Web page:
The chemical compound bismuth oxychloride, a white crystalline powder, is a pearlescent pigment in the cosmetics industry. This pigment is responsible for the shimmering, pearl-like finish that cosmetics like nail polish, eye shadow, and lipsticks have. 

Additionally, bismuth oxychloride can add bulk and an attractive gloss to cosmetics products. Additionally, it is hypoallergenic and non-toxic. The oxychloride does not bring on not cause irritations and other allergic responses. 

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The U.S. Food and Drug Administration (FDA) has authorized bismuth the use of oxychloride in cosmetic goods. 

Manufacturing materials

Compounds of bismuth are effective and practical tools used in producing several materials. Several are highlighted below: 

  • Its components serve as catalysts in producing acrylonitrile, a raw material for synthetic fibers like polyethylene, polypropylene, and polyamide.  
  • Used in producing fishing sinkers, reduced toxicity bird shot, fusible alloys, and low melting solders. 
  • Bismuth often acts as a substitute for lead when making shots and shotguns. In doing so, the possibility of lead contamination of the streams popular for bird hunting reduces. 
  • Bismuth alloys with low melting points are used in heat-resistant electronics. These consist of sprinkler systems, boiler plugs, and fire alarms.
  • As it can reveal the presence of granitic intrusive centers and discordant structures that concentrate on lode gold mineralizing systems, it is used as a gold pathfinder element. 
  • Manufacturers replace hazardous lead with safe bismuth metal because they have similar densities and traits.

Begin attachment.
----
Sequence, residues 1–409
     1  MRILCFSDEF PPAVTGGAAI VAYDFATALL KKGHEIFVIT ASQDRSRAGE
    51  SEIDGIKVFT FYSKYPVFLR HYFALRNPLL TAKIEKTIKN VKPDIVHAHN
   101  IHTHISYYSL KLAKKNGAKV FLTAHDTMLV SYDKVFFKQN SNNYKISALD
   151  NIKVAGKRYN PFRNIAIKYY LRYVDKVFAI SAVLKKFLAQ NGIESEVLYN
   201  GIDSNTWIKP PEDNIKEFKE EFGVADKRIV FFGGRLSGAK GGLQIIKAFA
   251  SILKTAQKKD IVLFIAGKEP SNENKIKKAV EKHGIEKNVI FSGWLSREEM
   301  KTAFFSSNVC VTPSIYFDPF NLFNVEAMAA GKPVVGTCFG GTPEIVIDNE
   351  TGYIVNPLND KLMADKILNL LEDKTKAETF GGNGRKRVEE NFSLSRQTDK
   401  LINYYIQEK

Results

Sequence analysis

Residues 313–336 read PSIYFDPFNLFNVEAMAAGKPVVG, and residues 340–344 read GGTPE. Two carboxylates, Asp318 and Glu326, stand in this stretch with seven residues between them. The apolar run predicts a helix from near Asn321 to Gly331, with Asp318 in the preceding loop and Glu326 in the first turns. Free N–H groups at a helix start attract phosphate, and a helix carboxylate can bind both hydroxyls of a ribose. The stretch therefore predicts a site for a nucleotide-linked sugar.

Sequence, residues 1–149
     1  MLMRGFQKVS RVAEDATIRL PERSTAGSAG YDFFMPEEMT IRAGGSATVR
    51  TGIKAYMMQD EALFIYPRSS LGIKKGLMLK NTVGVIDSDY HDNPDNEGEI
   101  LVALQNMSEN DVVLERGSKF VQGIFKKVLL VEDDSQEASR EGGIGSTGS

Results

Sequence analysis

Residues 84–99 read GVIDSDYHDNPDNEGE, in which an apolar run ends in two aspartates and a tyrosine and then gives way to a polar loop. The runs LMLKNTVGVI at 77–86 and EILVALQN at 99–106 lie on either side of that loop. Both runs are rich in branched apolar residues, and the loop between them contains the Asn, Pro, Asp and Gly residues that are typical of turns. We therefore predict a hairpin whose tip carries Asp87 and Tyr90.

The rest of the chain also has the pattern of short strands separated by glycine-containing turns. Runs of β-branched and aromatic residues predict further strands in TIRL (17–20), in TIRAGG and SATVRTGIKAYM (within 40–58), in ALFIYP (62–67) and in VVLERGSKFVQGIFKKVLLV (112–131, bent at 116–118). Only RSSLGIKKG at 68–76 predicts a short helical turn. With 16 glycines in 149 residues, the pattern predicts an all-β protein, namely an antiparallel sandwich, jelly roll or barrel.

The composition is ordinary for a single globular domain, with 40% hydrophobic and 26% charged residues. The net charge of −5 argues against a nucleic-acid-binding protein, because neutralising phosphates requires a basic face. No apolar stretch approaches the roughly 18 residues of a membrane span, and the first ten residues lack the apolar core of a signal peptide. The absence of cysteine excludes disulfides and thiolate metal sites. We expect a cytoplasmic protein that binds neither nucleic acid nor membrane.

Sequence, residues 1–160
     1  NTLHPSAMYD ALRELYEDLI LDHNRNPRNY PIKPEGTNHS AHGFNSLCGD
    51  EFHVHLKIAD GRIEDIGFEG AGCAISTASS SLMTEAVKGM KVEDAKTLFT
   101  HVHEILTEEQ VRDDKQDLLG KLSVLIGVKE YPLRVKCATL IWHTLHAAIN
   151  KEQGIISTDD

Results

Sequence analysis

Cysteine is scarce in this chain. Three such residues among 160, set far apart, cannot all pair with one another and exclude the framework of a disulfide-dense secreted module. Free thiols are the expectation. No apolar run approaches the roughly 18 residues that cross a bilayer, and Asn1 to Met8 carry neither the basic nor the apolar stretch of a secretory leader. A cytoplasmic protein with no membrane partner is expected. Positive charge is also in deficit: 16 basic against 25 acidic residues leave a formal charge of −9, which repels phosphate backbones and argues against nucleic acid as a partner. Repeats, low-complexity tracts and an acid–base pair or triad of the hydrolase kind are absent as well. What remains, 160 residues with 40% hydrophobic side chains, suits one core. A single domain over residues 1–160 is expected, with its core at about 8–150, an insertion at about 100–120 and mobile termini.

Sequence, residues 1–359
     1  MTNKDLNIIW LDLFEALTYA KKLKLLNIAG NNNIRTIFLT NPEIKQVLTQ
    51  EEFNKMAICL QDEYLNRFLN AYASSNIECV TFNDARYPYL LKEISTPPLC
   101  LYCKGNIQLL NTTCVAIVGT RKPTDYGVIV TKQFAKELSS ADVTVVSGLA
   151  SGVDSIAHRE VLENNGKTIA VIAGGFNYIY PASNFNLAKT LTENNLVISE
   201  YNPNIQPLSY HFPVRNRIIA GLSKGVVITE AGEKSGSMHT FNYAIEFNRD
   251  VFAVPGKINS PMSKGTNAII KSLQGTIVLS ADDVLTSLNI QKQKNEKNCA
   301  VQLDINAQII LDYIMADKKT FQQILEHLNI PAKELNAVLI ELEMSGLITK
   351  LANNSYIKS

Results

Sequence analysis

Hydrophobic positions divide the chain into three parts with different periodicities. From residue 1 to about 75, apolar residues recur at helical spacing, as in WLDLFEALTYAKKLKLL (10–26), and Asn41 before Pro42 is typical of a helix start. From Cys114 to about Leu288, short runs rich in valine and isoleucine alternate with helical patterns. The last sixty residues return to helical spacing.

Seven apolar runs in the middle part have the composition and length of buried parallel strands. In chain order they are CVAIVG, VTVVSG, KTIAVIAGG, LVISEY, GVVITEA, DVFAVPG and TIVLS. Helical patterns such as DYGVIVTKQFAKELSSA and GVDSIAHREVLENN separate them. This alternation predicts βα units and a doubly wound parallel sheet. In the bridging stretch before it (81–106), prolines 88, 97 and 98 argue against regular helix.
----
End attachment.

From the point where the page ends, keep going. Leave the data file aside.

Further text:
Bismuth is a metal that is becoming more popular for creating eye-catching jewelry designs. It can be cast into various shapes and forms due to its comparatively low melting point. The metal bismuth produces striking crystal forms when combined with other metals. 

Unique crystals and jewelry, including rings and necklaces, are made from melted pure bismuth. 


When bismuth is liquid, it loses its diamagnetic properties and turns ferromagnetic.  It is also neither flammable nor a good conductor of heat. Given that it has both metallic and non-metallic qualities, bismuth is a metalloid. 

Among many different applications, some of its uses include the creation of jewelry, medications, cosmetics, and fire alarms.  

Read: Is Silicon Magnetic? (We Have Answer)

Frequently Asked Questions? 

Can bismuth be toxic?

Although bismuth is considered non-toxic, prolonged use could have unfavorable side effects. Bismuth salts are insoluble. Hence, when consumed for gastrointestinal disorders, they can become toxic. 

They are not easily absorbed because they are insoluble. As a result, 90% of ingested bismuth is eliminated in the urine, with the kidneys holding the largest percentage. Acute renal damage can result from bismuth compounds when taken in high concentrations. Despite this, there is no proof that bismuth causes cancer. 

How to tell if Bismuth is real? 

Pure bismuth is easily broken and reveals a lovely shine within. Pure bismuth can be melted using a regular blow torch. Its color is metallic-white with a little hint of pinkish or reddish hue.  However, this color can only be seen on a surface that hasn’t been tarnished. Bismuth oxidizes to a yellow or a dark gray color.